DP: So Bruce (Becker) lives here in LA, in fact, about a mile from me literally â€“ as does Dave Weckl, who is literally two blocks away (laughs)â€¦
DB: Actually, he dropped me off here the other day and saw Dave on the way and dropped him off a CD â€“ they know each otherâ€¦but yeah, Bruce was in Europe for about 5 years, and then he moved back. Bruce is essentially the co-leader of my band, even though I write the music. I write it for him. So we will all meet up half way or at the festival we are doing and do a quick rehearsal and we are ready to playâ€¦. DP: So when you get on a plane, you have a guitar and a suitcase and what else?
DB: My pedals, I take two delay pedals, the Boss DD-6 and DD7. The reason why I got the DD-7 is because it has a 30 second loop on it, and if anyone has seen my solo stuff, I work with loops a lot. I always have, I did that from back in the Martin days. The loop for me is not just playing over a groove thing but implementing some kind of thing that I can work on. So sometimes I will just play freely, I will put the loop pedal in, play with it, and then drop it out and then do it again â€“ or Iâ€™ll build a loop of stuff and improvise on top of it. One time after Joe Diorio had his stroke Beth Marlis at Musicianâ€™s Institute wanted him to come do a workshop and he didnâ€™t want to do it. She told him he didnâ€™t have to play, but he still didnâ€™t want to. So I said â€œcome one Joe, you gotta do itâ€ and he said â€œIâ€™ll do it if you do it with meâ€, so I told him he didnâ€™t need to pay me anything but I went and did it. So he talked, and I talked a little and then I improvised; just to show that whole â€œtake an idea and start with that and see what happensâ€ thing. During the 2004, I was working on the album with Joe Diorio (The Color Of Sound) and I was working on an album of layered loops called â€œEurolandâ€.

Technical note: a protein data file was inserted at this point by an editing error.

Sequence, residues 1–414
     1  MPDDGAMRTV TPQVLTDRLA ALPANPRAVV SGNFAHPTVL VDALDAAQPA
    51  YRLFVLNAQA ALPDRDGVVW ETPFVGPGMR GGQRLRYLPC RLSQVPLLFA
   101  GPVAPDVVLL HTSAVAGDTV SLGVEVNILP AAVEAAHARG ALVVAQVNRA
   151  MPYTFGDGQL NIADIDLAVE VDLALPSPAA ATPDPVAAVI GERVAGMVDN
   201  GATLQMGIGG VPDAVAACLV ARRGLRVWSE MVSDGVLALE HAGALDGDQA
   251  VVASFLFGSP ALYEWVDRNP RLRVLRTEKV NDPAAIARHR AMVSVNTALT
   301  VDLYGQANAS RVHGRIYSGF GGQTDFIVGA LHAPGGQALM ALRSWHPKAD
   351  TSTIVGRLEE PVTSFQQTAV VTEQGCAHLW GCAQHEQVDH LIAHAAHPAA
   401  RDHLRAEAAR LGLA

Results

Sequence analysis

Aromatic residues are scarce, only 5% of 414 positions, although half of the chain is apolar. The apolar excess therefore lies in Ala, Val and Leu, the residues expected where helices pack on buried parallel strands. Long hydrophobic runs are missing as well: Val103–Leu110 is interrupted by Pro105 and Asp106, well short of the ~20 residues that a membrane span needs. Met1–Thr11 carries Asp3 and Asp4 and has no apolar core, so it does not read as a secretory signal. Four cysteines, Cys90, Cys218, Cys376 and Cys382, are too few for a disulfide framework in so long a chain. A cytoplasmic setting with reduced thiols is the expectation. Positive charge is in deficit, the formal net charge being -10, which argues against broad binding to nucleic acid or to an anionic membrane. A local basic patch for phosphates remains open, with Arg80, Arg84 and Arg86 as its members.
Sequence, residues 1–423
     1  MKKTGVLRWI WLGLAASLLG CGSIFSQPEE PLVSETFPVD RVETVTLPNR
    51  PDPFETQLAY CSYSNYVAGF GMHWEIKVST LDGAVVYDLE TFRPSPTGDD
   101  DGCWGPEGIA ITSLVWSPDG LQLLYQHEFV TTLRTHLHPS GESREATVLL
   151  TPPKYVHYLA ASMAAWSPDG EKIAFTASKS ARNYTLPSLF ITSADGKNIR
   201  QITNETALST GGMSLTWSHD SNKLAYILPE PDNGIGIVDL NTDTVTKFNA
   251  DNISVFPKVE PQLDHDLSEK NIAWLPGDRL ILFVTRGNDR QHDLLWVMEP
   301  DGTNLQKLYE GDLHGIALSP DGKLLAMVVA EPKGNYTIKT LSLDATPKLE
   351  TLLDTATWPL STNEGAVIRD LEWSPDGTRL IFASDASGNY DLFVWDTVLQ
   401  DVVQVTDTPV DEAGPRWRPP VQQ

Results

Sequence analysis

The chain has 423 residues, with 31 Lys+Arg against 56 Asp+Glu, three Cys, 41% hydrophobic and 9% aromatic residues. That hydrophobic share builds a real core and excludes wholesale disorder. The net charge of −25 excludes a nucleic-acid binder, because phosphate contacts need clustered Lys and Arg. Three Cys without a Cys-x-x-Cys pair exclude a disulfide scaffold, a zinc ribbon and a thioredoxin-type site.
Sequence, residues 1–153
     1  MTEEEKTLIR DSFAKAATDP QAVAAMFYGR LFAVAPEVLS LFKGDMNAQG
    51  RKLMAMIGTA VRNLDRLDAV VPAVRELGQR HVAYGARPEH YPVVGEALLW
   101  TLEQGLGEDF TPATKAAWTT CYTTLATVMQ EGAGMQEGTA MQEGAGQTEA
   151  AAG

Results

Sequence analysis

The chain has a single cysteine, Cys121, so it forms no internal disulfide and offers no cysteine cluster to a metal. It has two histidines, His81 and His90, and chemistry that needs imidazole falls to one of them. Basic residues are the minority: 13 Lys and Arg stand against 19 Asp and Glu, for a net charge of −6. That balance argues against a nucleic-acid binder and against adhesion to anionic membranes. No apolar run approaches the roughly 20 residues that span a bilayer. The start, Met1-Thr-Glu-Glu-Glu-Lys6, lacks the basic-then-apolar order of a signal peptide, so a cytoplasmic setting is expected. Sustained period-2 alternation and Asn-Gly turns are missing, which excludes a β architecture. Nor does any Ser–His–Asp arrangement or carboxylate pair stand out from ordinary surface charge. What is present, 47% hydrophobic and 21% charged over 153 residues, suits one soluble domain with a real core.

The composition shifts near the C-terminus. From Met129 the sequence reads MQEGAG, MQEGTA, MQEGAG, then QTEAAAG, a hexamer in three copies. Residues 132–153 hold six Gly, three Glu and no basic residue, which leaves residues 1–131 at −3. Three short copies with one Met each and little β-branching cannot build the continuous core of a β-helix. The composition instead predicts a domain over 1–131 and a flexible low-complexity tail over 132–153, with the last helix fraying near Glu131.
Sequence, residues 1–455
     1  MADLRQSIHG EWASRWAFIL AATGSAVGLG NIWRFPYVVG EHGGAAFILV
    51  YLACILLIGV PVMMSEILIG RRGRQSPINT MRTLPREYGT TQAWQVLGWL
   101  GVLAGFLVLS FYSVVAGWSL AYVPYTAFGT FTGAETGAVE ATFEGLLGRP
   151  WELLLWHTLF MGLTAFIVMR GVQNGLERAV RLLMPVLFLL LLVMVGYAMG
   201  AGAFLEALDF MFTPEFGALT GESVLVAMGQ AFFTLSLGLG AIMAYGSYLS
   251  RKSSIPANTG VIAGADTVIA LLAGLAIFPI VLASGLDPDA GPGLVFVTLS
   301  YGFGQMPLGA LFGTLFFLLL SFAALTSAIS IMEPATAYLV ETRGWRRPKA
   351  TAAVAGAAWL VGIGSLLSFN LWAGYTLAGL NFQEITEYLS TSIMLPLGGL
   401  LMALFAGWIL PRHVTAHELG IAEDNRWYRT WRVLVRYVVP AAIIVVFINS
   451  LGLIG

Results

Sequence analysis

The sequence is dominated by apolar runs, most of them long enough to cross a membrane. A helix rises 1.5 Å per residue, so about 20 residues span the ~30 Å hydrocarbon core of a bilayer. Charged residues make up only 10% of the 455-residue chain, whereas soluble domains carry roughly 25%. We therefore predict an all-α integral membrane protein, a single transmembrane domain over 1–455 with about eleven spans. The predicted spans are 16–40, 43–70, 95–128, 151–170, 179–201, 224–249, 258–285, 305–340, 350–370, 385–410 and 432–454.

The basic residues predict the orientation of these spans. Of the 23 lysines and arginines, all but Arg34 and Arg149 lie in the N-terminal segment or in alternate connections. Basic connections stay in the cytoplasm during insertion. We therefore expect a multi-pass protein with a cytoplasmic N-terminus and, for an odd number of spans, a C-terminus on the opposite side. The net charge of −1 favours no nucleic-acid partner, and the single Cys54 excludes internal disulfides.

DP: Well, I really liked that acoustic guitar track from the new record you played me.